Flood detention basin BMP
Several years ago, I joined a group of investigators who were establishing and testing five different stormwater best management practices (known as BMPs). These installations included a porous pavement parking lot underlain with huge voids that could retain a significant amount of stormwater; a set of infiltration beds filled with sand and/or gravel that allowed water running off a driveway to percolate slowly into the ground; two ponds that collected and detained stormwater draining overland from a 60-acre meadow during periods of heavy, prolonged rainfall; a riparian forest planting; and a basin connected to a small stream that was designed to fill when the stream overflowed with floodwater and then to gradually discharge back into the stream as flood levels subsided.
With my background in aquatic entomology, my responsibility in this group has been to sample the aquatic invertebrate community that has established itself in the vegetation ringing the fifth of the BMPs (i.e., the basin connected to the stream during periods of flooding) to show that the BMP provides valuable aquatic habitat in addition to hydrologic benefits in the watershed. So, for the last three years I've ventured to the basin in the summer and sampled aquatic invertebrates like dragonfly and damselfly nymphs, beetles, and anything else that gets trapped in the dip nets.
My assistant and I spent about an hour running our dip nets through the the cattails, bulrushes, and nut sedges at the margin of the basin this morning. We emptied our "catches" into gallon-size ziplock bags, then poured in a healthy dollop of 70% denatured ethyl alcohol to preserve the samples until we get a chance to clean, sort and process them. And there's the rub.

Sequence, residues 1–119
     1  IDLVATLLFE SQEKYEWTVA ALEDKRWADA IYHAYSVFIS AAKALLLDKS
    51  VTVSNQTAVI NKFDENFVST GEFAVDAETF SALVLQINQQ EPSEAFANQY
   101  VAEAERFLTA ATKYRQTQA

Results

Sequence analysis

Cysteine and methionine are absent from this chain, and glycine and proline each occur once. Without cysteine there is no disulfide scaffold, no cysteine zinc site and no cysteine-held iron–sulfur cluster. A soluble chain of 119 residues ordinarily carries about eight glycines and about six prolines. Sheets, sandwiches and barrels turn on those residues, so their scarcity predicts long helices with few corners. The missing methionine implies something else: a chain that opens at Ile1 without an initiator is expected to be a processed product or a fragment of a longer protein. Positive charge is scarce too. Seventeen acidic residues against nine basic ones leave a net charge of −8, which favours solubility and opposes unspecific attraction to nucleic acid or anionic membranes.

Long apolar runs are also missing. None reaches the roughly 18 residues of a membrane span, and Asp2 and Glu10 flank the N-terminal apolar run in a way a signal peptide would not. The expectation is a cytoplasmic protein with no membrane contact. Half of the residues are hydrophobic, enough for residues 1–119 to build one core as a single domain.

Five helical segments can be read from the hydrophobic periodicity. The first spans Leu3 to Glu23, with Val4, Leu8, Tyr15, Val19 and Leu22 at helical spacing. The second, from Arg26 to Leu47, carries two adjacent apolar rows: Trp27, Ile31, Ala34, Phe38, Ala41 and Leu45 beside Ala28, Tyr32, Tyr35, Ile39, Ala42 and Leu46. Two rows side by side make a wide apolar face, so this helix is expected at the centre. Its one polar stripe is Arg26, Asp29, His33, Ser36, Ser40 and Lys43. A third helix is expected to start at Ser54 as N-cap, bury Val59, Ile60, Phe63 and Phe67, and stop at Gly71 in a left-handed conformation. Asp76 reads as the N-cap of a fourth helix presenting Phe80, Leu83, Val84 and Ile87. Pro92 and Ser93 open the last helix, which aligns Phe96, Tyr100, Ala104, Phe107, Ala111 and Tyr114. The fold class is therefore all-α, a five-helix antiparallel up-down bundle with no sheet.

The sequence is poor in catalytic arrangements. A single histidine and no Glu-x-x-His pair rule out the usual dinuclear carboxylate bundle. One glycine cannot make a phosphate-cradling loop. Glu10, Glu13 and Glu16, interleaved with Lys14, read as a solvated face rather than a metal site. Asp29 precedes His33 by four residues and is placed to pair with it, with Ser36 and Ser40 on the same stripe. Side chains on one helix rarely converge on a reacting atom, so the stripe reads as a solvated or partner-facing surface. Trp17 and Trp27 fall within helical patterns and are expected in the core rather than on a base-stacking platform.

In graduate school and during my early professional years, I collected and killed many thousands of aquatic insects. But I just hate doing this work any more. Three days ago, as I was making preparations for our foray this morning, I had already begun thinking about the insects in this pond, and that some of them--even three days ago--were the living dead. Their halcyon summer would be invaded by this monstrous creature who would scoop them up, dump them unceremoniously into a plastic bag, and then immerse them in a fluid so noxious that it's offensive just to smell it. Some of the larger and better armored organisms like the dragonfly nymphs and beetles don't die immediately, either.
Lord High Executioner
I vaguely remember seeing a movie about Roman slaves many, many years ago. I think it was Spartacus, but I'm not sure, and I haven't seen the movie I have in mind (or Spartacus) again since. At the beginning of the movie, some slaves are encased in a translucent tent lit luridly purple. The slaves are writing in agony as they expire slowly for the schadenfreude of their captors. Collecting these insects makes me feel like I'm in the film.
I'm not so naive to think that these insects live an idyllic life, that they don't face daily peril. Many are relentless predators, and many more are prey. In addition, most will die from the cold within the next few months. Nevertheless, I have a hard time reconciling myself to what I'm inflicting on them.